The vaccine brought an end to the polio epidemics that had begun in Vermont in 1894 and that affected so many people, especially kids. Adults also suffered from polio, and one of the most well known was President Franklin D. Roosevelt, who was diagnosed in 1921, and left paralyzed from the waist down for the rest of his life. The 1930s and 1940s saw a number of polio epidemics around the country and in 1937, FDR helped found the National Foundation for Infantile Paralysis. It was this foundation that funded research on polio, including the work of Dr. Salk.
Interestingly, it was actor-comedian Eddie Cantor who coined the phrase March of Dimes for the foundation's fundraising efforts in 1938. Fundraising attracted lots of actors and actresses, but they weren't the only ones to get involved in raising money to fight polio. Comics books were also right on the forefront, too, appealing to youthful readers to make contributions to the March of Dimes by offering free fan club memberships and autographed postcards. For example,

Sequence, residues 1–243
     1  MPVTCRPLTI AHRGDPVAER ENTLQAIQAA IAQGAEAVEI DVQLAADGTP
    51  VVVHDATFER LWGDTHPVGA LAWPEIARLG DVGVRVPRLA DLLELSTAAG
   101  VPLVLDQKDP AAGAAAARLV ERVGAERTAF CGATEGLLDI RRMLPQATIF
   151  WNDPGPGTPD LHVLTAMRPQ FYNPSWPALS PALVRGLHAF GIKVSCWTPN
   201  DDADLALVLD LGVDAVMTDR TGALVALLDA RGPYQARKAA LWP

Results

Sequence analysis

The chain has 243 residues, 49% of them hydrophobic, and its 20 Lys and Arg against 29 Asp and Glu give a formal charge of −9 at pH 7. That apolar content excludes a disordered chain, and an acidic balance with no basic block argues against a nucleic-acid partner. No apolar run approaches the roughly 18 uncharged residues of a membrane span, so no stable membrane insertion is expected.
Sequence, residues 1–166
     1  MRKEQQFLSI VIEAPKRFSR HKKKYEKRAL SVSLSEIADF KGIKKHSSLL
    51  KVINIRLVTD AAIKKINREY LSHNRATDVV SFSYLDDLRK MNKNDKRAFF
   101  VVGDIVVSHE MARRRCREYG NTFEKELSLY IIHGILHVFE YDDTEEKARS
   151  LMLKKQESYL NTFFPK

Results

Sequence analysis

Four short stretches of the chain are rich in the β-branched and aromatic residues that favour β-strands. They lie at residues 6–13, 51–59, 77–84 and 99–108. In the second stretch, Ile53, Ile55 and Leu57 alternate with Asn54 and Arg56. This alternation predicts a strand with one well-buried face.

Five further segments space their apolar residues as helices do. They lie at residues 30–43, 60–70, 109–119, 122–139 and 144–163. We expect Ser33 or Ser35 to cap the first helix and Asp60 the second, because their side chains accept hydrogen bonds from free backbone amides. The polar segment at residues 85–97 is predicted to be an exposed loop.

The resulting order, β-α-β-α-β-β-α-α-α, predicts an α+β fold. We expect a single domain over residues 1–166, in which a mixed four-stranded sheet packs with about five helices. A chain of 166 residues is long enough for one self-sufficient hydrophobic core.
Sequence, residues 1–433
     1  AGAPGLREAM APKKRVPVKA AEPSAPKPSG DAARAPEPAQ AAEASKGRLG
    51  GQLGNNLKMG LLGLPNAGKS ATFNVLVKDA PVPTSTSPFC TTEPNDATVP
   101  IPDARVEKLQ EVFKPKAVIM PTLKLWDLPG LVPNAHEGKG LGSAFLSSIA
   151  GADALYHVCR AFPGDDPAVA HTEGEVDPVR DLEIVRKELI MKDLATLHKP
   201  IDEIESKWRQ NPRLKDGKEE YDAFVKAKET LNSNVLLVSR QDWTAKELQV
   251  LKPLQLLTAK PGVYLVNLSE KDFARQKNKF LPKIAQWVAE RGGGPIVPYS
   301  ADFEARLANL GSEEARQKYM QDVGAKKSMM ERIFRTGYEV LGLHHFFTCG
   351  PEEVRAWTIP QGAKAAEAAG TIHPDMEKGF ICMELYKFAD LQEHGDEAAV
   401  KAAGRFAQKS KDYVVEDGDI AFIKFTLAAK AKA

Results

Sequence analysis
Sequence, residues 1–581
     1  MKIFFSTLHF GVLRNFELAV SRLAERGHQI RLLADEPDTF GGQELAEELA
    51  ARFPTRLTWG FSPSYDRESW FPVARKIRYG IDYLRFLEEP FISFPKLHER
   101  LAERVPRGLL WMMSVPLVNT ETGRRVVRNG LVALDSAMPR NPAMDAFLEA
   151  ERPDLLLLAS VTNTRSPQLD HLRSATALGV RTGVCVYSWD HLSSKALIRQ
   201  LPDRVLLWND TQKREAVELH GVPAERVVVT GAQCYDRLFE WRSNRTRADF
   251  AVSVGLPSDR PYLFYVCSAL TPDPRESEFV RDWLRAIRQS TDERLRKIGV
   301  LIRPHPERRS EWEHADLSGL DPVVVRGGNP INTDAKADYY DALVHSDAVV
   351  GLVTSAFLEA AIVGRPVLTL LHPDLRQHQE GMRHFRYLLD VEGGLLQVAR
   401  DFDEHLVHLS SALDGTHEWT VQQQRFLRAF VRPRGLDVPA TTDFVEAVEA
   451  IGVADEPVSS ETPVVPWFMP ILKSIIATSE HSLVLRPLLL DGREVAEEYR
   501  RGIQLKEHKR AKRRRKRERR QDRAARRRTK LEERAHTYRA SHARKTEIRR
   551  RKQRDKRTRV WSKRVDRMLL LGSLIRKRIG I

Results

Sensation Comics #15, March 1942
|All-Star Comics #9 Feb-March 1942|
All-Star Comics # March 1944
Action Comics #70 March 1944
Once so feared, polio is now almost non existent. Which gives me hope that we will also defeat the Coronavirus in the not-to-distant future. Meanwhile, may I recommend a few books about kids dealing the epidemics and pandemics?
Once, I Was Loved written and illustrated by Belinda Landsberry
Blue by Joyce Moyer Hostetter
To Stand on My Own: The Polio Epidemic Diary of Noreen Robertson by Barbara Haworth-Attard
Risking Exposure by Jeanne Moran
Secrets at Camp Nokomis, a Rebecca Mystery by Jacqueline Dunban Greene
Stay Safe, Stay Home, Stay Strong